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Experian Report Shows Credit Card Delinquencies are Below Prerecession Levels; Mortgage Delinquencies are Increasing
Study finds that Cleveland residents are improving bankcard payments, while Portland residents continue to make mortgage payments late.
Costa Mesa, Calif., Aug. 12, 2011 — Experian®, the leading global information services company, released its findings today on the credit card and mortgage payment behaviors* of consumers both nationally and in the top 30 Metropolitan Statistical Areas (MSAs). Nationally, since 2007, 20 percent fewer credit card payments are 60 days late, but 25 percent more consumers are paying their mortgage 60 days late.
The cities that showed the most improvements to bankcard payments include Cleveland, Ohio; San Antonio, Texas; Cincinnati, Ohio; Dallas, Texas; and Houston, Texas. Cities that have made the least improvements to their credit card payments include Riverside, Calif.; Seattle, Wash.; Tampa, Fla.; Phoenix, Ariz.; and Miami, Fla. Additionally, the data shows only four cities that improved in making mortgage payments: Cleveland, Ohio; Minneapolis, Minn.; Denver, Colo.; and Detroit, Mich.
The charts below show the percentage of change from 2007 through 2011. The first chart below ranks the top 30 cities from the most improved bankcard payments to the least improved and the second chart represents the percentage of change in late mortgage payments.
|MSA||Percentage change in
improved bankcard payments
(best to worst)
|2. San Antonio||30.5%|
|10. St. Louis||23.8%|
|11. Kansas City||23.2%|
|13. San Francisco||22.3%|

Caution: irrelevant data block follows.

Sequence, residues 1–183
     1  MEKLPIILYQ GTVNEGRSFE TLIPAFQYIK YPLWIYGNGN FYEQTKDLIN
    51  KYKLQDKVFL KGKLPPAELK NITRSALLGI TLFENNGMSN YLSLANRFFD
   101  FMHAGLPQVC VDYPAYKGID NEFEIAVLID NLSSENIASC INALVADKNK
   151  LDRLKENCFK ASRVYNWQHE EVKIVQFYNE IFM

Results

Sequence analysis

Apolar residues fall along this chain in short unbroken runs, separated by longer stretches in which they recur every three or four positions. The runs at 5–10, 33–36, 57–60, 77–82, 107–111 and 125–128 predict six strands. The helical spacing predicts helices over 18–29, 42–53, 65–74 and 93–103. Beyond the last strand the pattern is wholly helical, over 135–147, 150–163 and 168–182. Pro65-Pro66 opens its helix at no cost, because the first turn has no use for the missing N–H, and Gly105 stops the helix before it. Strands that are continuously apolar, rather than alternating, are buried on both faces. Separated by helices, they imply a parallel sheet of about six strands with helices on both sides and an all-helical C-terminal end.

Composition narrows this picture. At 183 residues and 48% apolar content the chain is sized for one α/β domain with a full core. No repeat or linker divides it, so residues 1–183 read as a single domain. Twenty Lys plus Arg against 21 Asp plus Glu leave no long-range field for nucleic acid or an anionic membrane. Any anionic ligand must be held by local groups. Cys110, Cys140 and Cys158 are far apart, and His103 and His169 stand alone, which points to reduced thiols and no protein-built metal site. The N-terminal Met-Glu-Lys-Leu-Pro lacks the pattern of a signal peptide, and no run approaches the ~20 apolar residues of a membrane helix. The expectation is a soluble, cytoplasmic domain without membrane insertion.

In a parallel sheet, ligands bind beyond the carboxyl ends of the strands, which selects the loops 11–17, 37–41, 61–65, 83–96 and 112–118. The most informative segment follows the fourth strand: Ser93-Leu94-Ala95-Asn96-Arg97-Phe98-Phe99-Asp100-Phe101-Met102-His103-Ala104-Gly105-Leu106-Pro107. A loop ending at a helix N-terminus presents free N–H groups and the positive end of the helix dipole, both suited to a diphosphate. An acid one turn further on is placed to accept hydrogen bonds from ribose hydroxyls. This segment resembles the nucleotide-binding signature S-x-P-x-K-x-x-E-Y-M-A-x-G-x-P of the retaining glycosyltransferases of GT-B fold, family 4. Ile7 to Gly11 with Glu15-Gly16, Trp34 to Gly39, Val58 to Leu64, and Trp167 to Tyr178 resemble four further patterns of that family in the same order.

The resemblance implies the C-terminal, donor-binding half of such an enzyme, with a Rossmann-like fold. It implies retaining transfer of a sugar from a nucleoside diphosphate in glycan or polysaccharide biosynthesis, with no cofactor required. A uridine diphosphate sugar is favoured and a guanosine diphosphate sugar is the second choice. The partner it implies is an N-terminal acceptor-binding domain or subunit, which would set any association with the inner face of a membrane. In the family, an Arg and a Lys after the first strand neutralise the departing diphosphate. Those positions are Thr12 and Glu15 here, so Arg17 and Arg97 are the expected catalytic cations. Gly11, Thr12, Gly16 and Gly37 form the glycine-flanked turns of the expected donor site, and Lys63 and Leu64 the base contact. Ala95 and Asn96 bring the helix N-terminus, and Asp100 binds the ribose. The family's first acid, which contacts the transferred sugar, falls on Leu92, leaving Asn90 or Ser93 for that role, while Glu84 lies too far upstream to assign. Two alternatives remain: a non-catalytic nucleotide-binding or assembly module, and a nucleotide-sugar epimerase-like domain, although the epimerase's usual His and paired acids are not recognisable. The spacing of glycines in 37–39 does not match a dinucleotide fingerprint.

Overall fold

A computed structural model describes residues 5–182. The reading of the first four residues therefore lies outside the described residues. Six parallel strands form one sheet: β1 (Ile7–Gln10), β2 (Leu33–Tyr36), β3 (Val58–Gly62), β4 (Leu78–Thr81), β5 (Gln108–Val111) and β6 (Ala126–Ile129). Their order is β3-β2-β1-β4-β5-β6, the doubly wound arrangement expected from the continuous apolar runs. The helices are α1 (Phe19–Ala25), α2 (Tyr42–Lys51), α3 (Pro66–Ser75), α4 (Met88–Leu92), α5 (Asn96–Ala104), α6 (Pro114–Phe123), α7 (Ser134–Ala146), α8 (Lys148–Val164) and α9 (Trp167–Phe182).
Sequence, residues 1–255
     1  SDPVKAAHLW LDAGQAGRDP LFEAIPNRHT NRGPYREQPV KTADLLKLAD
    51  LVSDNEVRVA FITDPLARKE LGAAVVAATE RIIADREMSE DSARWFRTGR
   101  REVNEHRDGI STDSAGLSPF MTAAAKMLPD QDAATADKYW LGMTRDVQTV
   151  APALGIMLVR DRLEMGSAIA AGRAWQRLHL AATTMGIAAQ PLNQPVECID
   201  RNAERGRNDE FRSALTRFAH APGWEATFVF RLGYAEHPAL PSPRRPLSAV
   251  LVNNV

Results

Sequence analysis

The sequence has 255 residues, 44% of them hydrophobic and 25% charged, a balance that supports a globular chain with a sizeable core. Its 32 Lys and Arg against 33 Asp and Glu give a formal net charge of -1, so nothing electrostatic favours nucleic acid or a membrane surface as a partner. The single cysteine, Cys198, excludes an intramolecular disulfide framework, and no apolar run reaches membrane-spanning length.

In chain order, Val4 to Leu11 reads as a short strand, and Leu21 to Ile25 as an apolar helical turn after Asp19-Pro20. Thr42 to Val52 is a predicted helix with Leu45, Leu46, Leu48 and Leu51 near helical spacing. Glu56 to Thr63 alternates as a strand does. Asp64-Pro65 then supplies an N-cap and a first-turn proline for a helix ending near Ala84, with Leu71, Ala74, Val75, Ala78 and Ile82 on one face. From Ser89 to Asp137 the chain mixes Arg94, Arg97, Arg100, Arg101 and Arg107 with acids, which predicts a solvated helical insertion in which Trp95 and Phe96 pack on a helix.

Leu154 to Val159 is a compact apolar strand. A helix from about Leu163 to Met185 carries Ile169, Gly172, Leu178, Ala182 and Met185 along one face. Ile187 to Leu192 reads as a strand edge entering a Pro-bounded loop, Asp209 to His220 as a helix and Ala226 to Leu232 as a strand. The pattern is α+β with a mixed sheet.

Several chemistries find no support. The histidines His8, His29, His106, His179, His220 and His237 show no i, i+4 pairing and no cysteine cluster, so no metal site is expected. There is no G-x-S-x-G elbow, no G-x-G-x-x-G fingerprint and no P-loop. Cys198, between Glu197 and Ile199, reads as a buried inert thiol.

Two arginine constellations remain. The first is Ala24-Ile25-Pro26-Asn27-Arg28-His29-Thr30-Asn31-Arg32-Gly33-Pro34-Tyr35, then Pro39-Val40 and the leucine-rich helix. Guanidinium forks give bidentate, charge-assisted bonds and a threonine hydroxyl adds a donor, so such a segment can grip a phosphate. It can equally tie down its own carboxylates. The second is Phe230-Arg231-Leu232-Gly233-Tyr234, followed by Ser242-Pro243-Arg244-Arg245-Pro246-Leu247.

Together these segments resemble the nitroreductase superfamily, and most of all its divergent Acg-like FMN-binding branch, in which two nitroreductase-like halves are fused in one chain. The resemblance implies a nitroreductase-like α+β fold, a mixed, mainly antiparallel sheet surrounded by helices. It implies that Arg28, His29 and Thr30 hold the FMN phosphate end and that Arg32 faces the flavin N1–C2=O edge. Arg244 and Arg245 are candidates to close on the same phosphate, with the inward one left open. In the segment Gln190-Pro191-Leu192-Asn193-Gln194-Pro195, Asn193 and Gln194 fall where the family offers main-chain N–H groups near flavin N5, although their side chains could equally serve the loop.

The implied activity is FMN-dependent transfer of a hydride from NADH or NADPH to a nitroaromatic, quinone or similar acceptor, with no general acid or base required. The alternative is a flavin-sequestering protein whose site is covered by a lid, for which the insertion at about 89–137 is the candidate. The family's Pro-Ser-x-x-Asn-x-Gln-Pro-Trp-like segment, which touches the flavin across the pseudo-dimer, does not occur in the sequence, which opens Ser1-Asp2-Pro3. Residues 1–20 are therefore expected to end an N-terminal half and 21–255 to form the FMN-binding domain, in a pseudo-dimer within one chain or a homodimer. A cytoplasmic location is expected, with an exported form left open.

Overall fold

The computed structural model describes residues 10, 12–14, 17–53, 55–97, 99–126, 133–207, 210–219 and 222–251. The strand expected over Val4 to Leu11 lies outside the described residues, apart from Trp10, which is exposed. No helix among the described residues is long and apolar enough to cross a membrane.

|18. Los Angeles||19.1%|
|19. New York||18.2%|
|20. Washington DC||16.8%|
|22. San Diego||15.3%|
|25. Las Vegas||12.7%|
|MSA||Percentage change in
missed mortgage payments
(worst to best)
|5. New York||49.4%|
|8. San Francisco||43.0%|
|9. Los Angeles||36.3%|
|11. Washington DC||31.1%|
|14. Las Vegas||29.5%|
|16. San Antonio||21.4%|
|18. Kansas City||19.2%|
|22. San Diego||11.1%|
|26. St. Louis||1.0%|
“In looking at the numbers, we’re seeing that even in the cities at the bottom of the list, consumers are meeting their bankcard payment obligations better than before the recession,” said Michele Raneri, vice president of analytics, Experian. “While the Experian data shows an overall improvement to these 60 day delinquencies, as much as a 30 percent improvement is seen in the key Texas cities, which is a positive sign in what has been a slow economic recovery.”
The following charts provide a view into the bankcard and mortgage change patterns since Q1 2006 through Q2 2011:
While the trend is positive on the bankcard side, the mortgage side is continuing to suffer in most of the markets. Delinquent payments and collections can have a major negative impact on a credit score and a consumer’s ability to obtain credit. Below are some tips for consumers to consider regarding payment behavior:
- Make sure your payments are current, and do not let them be late again. The longer your history of on-time payments, the less impact the delinquencies will have on your creditworthiness.
- If you miss a payment on an individual account, that payment may impact your ability to open joint accounts because both credit histories will be considered.